One Thing Worth Spending Money On
I’ll be the first to admit it: I’m thrifty. I hate spending money on things I can do myself. Thanks to YouTube videos, I’ve learned to replace toilets, cook gourmet meals and do countless other things that I used to pay other people to do. I’m a self-proclaimed DIY expert.
When my aviation career finally started paying off, and I transitioned from a regional to legacy carrier, I wanted to learn more about how to achieve financial independence, so I started buying financial planning books on Amazon. A sure-fire way of ensuring long-term financial success, right? Fortunately, after reading countless books, I purchased The 5 Mistakes Every Investor Makes and How to Avoid Them by Creative Planning’s CEO, Peter Mallouk. It was only after reading this book that I realized my thriftiness and desire to do everything myself was actually working against me.
This industry makes us paranoid.
If you’re a fellow pilot, you may be familiar with the phrase, “This is the best job in the worst industry.” Whether you are in your first decade of flying or your fourth, there’s no such thing as job security in the commercial airline business. As we just witnessed during the COVID-19 pandemic, even the most senior pilots can lose their jobs when airlines are shut down.
If you, like me, lived through the post 9/11 period from 2001-2011, stagnation, furloughs, bankruptcies, pay cuts and slow economic growth may have had you second guessing your career choice. Is it any wonder many of us are skittish about making large purchases or spending money on anything that’s not absolutely necessary? The industry we work in has so many uncertainties that it’s hard not to be paranoid.
There’s no such thing as a free lunch.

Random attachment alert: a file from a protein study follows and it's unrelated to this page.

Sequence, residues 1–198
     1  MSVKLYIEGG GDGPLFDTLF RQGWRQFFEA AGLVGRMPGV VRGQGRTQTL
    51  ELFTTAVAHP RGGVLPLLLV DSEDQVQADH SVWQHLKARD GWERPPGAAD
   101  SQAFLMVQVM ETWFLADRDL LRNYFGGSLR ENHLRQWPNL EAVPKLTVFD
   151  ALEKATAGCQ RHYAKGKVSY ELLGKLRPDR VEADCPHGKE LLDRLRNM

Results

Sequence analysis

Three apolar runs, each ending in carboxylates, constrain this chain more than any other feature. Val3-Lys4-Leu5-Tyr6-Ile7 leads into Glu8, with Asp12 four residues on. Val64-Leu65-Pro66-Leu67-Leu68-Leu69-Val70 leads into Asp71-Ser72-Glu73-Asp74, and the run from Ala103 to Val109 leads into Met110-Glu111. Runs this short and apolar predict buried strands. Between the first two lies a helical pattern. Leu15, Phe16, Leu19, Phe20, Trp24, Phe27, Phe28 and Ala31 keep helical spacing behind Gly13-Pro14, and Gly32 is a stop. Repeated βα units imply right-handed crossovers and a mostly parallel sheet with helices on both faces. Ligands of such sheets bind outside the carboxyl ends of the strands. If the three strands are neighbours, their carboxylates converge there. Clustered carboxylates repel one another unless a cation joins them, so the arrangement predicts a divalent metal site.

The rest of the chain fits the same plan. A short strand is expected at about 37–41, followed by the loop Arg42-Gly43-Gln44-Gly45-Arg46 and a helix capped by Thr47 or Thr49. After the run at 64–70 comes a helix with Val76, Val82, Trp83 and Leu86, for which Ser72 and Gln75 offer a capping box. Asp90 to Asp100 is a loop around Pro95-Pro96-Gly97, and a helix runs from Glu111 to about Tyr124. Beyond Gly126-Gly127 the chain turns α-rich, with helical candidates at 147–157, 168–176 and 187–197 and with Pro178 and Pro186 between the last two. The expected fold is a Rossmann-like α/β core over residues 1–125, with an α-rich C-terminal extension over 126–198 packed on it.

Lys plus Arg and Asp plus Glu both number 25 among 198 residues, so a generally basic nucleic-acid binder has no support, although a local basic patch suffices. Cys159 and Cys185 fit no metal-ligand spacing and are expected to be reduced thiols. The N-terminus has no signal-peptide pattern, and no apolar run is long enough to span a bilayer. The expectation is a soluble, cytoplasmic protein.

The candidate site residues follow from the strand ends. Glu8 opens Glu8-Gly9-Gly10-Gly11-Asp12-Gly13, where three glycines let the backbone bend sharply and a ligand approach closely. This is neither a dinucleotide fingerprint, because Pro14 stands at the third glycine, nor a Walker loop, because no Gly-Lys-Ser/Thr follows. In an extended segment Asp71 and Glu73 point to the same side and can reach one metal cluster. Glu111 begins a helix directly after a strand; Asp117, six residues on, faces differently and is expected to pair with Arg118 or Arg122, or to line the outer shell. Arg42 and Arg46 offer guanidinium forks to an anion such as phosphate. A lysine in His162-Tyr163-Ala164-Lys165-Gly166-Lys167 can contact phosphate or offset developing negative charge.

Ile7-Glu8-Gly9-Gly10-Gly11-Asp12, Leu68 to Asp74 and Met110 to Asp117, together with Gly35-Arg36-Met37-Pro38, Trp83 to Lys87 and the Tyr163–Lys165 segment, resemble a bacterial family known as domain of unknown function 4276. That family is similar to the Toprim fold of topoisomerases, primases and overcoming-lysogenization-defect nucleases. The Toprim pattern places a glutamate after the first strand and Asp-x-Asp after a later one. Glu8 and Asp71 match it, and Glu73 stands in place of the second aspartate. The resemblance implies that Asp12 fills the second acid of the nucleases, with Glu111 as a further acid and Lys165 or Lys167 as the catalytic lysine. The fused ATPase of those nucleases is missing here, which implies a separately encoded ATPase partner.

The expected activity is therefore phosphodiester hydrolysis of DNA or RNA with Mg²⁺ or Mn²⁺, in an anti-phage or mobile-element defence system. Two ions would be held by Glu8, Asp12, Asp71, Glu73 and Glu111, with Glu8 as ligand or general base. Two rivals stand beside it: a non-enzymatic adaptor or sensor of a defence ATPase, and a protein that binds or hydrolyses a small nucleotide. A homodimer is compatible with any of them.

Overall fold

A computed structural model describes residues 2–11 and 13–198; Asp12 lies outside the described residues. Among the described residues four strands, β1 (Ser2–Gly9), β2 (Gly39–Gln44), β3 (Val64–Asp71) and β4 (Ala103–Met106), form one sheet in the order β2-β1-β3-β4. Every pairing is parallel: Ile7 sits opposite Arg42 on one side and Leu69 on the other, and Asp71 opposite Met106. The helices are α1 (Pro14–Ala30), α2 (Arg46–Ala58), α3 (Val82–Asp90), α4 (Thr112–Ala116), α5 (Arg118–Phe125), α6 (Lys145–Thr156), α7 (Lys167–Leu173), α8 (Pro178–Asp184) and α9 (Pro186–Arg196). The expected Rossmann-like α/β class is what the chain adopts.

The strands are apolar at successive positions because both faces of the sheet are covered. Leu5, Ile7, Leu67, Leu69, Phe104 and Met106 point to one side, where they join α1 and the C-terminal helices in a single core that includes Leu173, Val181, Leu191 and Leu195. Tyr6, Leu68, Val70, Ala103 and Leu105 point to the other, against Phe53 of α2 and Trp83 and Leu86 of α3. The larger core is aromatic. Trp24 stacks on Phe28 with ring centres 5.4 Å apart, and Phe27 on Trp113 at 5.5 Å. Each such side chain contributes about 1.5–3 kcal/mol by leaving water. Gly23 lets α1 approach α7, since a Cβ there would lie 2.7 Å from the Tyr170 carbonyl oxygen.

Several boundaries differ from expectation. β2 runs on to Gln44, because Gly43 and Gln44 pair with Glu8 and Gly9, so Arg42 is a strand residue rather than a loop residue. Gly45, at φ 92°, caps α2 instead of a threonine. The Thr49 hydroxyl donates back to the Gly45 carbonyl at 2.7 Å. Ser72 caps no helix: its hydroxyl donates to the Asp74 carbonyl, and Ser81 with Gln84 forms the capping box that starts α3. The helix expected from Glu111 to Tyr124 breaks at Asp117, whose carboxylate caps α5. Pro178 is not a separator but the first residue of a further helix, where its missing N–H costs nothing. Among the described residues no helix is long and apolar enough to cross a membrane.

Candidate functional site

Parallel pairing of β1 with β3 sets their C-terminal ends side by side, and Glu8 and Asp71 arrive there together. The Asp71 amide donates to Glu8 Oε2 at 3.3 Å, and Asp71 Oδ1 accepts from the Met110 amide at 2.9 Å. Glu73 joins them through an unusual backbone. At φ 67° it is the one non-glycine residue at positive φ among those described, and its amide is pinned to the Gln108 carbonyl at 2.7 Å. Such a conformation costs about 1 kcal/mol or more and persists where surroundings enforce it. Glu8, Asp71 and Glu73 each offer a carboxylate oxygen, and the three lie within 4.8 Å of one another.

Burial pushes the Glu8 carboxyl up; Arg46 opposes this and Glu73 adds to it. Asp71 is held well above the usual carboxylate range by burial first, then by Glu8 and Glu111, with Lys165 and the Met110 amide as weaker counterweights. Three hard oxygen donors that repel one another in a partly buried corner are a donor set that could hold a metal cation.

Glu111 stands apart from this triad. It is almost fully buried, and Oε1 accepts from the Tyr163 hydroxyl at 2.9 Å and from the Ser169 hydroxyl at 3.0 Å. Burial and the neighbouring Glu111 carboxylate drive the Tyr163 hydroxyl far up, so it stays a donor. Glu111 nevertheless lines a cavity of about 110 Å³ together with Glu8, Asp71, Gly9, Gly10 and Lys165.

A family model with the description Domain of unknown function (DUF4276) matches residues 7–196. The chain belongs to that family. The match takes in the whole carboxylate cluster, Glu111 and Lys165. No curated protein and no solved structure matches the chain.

When has anything free also been good? We hear the phrase, “You get what you pay for” all the time, yet we continue to flock to anything provided to us at “no cost.”
For example, our union retirement and insurance committees, as well as our retirement plan administrators, provide a lot of free information, which is all good and helpful. The problem is that it is intentionally designed to be very basic. Why? For one, it needs to apply to all employees. Also, the committee members and plan administrators are not professional financial advisors, so they are only permitted to offer information about general savings and investment topics, not specific recommendations based on each pilot’s personal financial situation.
In addition, much of the material is designed to minimize potential losses for participants which in turn helps minimize potential losses for the committees/plan administrator. They are required to provide enough information so employees have a basic understanding of the plan provisions and investment topics which also happens to help minimize the risk of legal action against them by the union or company employees. When viewed from this perspective, the “free” guidance could end up being very costly in the long term.
There is such a thing as being too cheap.
This was a difficult concept for me to grasp. The smart thing to do is save every penny, live below my means and educate myself as much as possible about savings and investing concepts, right? Surely, I thought, the information gleaned from reading a wide range of financial literacy books, combined with the free guidance provided by my retirement plan administrator will provide me with the information I need to manage my own finances. Sadly, not only is that line of thinking wrong, it can be downright detrimental to an individual’s long-term financial health.
Despite all my best efforts, I simply didn’t know what I didn’t know. When I finally read Peter Mallouk’s book, it was a wake-up call. I realized I had literally made every one of the five mistakes he warns against. Despite all my reading, I was embarrassed and extremely frustrated to realize I was doing it all wrong.
It’s okay to seek outside assistance
As pilots, we are often experts at compartmentalizing things. We leave our personal problems at home when we come to work, we use the CRM to handle emergencies, and when there’s a problem to solve, we take charge. Add to this a bit of paranoia that comes with working in the industry, and it can be incredibly difficult to seek outside financial planning assistance.
It is my hope that by sharing my experience and failed attempts at managing my own finances, other pilots in similar situations will realize it’s okay to seek outside assistance. Being thrifty is good, but there are things in life that are worth spending money on. Quality financial advice from an experienced team of fiduciaries is one of those things.